Sony Alpha A700 Digital SLR Review - Sony Alpha A700 Digital SLR Review

In terms of features the A700 certainly acquits itself well in comparison to the competition. A major selling point is of course the body-integral Super SteadyShot moving-sensor image stabilisation system, which has been improved from the version on the A100 to take account of the new model’s extra weight, and now offers a maximum of four stops of extra stability when shooting at slow shutter speeds. I personally prefer this type of image stabilisation to the lens-based optical system used by Canon and Nikon. While is doesn’t stabilise the view through the viewfinder, it does mean that lenses are generally smaller, lighter and less expensive, and works with even the cheapest lens in the system. With the stability of the heavier chassis and smooth operation of the shutter release I found that with care I was able to take some very long exposure shots hand-held, including some at exposures of several seconds, although obviously this is not recommended.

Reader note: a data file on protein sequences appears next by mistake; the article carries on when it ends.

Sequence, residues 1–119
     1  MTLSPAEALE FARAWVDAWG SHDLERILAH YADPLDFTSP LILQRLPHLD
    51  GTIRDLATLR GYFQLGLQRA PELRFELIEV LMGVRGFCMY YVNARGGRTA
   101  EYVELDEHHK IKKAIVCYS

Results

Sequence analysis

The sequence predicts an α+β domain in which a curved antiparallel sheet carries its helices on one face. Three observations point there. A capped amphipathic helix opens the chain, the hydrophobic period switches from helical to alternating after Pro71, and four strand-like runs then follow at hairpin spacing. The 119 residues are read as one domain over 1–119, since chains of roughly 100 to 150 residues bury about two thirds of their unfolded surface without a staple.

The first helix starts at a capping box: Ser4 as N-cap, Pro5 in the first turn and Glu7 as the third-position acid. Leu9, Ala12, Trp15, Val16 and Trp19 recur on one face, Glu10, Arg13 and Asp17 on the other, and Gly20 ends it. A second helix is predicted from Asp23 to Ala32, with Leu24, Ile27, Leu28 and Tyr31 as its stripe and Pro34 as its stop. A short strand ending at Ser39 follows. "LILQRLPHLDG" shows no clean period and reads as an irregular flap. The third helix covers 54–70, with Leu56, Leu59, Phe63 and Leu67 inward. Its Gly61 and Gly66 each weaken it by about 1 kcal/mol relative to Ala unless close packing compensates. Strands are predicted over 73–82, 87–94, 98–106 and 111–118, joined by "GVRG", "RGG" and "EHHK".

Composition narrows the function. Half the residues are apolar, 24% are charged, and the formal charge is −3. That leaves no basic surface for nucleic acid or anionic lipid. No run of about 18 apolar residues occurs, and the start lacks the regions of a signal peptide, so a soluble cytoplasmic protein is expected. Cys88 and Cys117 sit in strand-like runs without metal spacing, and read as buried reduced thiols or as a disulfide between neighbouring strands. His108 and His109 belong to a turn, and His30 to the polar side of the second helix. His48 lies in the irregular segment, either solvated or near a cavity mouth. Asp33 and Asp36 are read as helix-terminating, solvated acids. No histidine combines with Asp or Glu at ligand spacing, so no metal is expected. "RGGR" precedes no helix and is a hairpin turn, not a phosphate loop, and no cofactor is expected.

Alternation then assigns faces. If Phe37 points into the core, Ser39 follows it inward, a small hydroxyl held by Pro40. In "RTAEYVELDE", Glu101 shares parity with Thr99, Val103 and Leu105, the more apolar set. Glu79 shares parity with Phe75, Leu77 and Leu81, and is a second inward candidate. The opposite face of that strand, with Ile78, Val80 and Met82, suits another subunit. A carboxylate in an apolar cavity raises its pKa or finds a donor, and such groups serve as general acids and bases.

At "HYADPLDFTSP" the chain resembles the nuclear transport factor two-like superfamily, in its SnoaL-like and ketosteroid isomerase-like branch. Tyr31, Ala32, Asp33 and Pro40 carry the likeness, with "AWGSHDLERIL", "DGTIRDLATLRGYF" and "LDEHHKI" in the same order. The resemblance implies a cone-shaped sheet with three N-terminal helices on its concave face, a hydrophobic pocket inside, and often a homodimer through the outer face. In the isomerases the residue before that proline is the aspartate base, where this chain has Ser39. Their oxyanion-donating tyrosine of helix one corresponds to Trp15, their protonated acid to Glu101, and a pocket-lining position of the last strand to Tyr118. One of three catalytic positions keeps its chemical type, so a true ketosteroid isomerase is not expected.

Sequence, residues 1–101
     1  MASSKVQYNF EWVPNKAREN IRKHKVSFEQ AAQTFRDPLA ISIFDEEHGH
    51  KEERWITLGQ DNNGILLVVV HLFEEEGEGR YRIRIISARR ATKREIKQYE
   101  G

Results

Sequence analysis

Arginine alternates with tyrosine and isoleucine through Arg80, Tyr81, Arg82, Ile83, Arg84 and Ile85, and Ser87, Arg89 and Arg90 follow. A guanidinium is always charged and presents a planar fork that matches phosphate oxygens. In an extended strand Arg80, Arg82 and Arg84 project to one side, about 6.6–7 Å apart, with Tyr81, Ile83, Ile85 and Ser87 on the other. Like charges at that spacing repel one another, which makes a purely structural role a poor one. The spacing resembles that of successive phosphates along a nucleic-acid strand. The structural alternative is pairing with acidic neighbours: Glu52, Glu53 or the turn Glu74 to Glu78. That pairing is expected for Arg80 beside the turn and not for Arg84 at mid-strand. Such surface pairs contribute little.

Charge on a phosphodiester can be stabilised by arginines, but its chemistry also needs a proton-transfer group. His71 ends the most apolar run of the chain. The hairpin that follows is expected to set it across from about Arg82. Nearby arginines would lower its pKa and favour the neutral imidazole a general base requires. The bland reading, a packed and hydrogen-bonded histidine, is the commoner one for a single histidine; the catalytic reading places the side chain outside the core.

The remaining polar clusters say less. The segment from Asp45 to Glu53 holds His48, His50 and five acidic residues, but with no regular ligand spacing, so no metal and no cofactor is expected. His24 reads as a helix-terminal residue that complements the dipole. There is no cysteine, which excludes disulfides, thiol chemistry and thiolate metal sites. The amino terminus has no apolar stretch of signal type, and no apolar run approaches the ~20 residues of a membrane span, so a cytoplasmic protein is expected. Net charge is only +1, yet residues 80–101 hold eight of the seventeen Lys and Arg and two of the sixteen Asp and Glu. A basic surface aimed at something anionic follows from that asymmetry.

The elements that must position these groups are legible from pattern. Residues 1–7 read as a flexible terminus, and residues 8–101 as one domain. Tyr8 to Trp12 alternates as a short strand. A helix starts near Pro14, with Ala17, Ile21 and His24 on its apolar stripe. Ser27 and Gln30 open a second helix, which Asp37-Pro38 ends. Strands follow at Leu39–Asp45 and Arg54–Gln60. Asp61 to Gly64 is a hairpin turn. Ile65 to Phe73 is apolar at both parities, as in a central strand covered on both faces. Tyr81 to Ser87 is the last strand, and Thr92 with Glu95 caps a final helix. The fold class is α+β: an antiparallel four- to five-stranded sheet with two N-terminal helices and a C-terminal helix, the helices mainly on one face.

A well-justified complaint levelled at the A100 was its relatively loud shutter and mirror action, but this has been much improved on the A700. Although it is still somewhat louder than Canon’s whisper-quiet EOS 40D, it is now much smoother and quieter. Having drawn disapproving glances from the congregation when using the A100 to take wedding photos during a service, I used the A700 for the same task without embarrassment.

Another big improvement over the earlier model is the AF system, which now has eleven sensors with a cross-type centre sensor for increased speed and accuracy. The focus points are spread out quite widely over about half of the frame area, with the outermost positions being half-way between the centre and the edge. It is without question one of the best AF systems I have ever encountered, focusing quickly and accurately in all lighting conditions. I tried it out at a firework display, snap-shooting at the fireworks as they burst overhead, and found that it was able to focus on the explosion in a fraction of a second and capture the shot just as the firework reached full bloom When shooting fireworks it’s usual practice to use a tripod, but I found that I was able to capture some good shots this way hand-held, which is quite a feat for any camera.

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